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St Mallteg's Church, Llanfallteg West

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Map ReferenceSN11NW
Grid ReferenceSN1471619232
Unitary (Local) AuthorityCarmarthenshire
Old CountyPembrokeshire
Type Of SiteCHURCH
PeriodPost Medieval
St Mallteg's Church was a parish church during the medieval period. It was mentioned in documents of 1398. In 1833 the living was a discharged rectory, in the patronage of the bishop of St Davids. In 1844 the parish of Llanfallteg was described as containing two divisions. The first, comprising 1280 acres, was situated in the hundred of Derllys, Carmarthenshire. The second, comprising 398 acres, was situated in the hundred of Dungleddy, Pembrokeshire. The parish church was St Mallteg's Church. Historic (1890) Ordnance Survey mapping depicts the church in Llanfallteg West (as does modern mapping), with Llanfallteg itself some 1km further to the north-east. Llanfallteg West was situated in the pre-1974 county of Pembrokeshire. After the 1974 local authority reorganisation, the county boundary was straightened, and the parish is now entirely in Carmarthenshire. St Mallteg's Church is sited within a curvilinear churchyard, bounded on its north and eastern sides by buildings and their curtilages, including Llanfallteg Farm and Llanfallteg House (NPRN 96301) (depicted as Upper Llanfallteg Farm on historic Ordnance Survey mapping). In 1998 the church was a parish church, belonging to the Rural Deanery of St Clears. It was redundant, and the churchyard was noted to be overgrown.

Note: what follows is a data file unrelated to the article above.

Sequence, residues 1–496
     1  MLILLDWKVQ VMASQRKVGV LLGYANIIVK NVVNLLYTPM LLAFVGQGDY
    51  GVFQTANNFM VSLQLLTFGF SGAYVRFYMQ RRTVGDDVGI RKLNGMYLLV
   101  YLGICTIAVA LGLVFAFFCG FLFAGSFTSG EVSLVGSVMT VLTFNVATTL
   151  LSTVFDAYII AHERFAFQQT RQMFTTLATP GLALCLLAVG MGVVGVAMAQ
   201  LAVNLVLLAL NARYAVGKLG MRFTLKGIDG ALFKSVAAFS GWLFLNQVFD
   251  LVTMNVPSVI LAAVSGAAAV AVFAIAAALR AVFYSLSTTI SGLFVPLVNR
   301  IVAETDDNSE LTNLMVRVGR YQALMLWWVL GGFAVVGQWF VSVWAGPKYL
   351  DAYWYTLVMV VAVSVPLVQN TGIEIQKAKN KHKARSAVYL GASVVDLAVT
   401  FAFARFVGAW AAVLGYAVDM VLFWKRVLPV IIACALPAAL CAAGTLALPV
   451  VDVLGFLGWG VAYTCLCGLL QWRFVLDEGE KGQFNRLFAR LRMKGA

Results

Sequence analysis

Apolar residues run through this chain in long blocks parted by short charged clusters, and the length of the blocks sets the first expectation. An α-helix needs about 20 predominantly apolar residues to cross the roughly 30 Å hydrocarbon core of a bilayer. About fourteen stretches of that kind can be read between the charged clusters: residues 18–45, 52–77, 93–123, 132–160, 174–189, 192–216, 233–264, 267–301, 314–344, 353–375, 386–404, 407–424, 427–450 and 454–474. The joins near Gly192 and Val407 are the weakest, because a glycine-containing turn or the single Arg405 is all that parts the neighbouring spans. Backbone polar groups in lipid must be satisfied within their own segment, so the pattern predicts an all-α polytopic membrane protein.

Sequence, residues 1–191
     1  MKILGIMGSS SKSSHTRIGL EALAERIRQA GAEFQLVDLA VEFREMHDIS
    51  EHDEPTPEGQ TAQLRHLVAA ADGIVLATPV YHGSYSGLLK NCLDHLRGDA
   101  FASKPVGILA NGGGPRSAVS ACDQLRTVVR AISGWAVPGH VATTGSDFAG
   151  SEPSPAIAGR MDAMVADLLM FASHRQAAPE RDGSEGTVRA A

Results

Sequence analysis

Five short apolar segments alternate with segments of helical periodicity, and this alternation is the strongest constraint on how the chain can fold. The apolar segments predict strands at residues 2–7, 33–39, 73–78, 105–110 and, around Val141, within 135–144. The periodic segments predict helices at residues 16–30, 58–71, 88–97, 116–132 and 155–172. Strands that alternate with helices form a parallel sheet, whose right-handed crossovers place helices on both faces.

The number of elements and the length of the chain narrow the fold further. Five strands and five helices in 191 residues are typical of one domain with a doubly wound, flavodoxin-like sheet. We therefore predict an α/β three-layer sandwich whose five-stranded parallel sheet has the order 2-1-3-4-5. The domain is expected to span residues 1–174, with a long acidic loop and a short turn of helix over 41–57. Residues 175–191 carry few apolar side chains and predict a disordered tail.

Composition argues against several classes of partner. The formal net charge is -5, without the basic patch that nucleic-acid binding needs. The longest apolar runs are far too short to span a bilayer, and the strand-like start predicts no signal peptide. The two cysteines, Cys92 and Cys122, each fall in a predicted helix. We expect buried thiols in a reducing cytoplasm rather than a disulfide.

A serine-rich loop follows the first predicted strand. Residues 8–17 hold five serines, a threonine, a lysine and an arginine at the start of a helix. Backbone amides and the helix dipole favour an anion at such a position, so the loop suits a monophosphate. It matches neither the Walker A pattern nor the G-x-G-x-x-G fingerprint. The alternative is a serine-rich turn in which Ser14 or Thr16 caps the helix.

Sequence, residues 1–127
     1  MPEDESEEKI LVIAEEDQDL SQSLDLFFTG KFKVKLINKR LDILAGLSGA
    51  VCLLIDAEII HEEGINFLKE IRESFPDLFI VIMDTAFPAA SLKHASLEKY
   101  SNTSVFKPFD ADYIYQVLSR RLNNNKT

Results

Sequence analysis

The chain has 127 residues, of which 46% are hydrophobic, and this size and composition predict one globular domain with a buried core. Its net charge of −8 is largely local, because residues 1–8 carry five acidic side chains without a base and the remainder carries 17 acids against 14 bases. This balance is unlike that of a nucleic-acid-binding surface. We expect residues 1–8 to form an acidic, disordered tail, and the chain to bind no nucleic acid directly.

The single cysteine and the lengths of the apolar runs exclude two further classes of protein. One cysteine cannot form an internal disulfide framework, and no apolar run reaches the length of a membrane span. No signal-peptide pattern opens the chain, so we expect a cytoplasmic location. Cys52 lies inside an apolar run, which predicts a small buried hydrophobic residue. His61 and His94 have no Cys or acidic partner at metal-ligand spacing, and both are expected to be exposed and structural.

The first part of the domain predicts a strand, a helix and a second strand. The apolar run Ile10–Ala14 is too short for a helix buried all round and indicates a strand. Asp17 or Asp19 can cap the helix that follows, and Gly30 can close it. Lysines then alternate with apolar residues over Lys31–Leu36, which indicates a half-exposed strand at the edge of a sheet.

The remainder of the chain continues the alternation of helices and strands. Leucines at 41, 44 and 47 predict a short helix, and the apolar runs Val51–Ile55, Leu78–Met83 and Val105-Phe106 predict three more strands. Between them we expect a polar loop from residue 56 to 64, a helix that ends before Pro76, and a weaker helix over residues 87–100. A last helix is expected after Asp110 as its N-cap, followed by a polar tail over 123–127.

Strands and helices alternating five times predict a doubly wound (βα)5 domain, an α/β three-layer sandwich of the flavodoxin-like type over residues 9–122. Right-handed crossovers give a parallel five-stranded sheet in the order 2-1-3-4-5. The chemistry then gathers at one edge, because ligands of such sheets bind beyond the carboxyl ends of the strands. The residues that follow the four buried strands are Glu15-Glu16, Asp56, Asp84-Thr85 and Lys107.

The church is constructed of limestone rubble and consists of three-bayed nave, two-bayed chancel, north transept and south porch. The nave is thought to be thirteenth century in date, and is the same width as the chancel. There are large quoins in its west wall. The chancel may date to the earlier fourteenth century. The barrel-vaulted north transept may date to the fourteenth century. A memorial slab dated 1772 is set into the external face of the nave's north wall, and is thought to refer to a phase of repairs. The church was restored in the early nineteenth century, and it is thought that the porch was built at this time, when its floor was flagged with limestone. The church was again restored in the late nineteenth century, and the north transept may have been partially rebuilt at this time. The upper courses of the nave's south wall and porch side walls were rebuilt. The steeply gabled bellcote also dates to this time. The interior was re-roofed, re-floored and re-plastered. The plain limestone font bowl is of indeterminate date. Its base is modern.

Sources include:
Cambria Archaeology, 2000, Carmarthenshire Churches, gazetteer, 48
Lloyd, T, Orbach, J and Scourfield, R, 2006, The Buildings of Wales: Carmarthenshire and Ceredigion

N Vousden, RCAHMW, 13 February 2013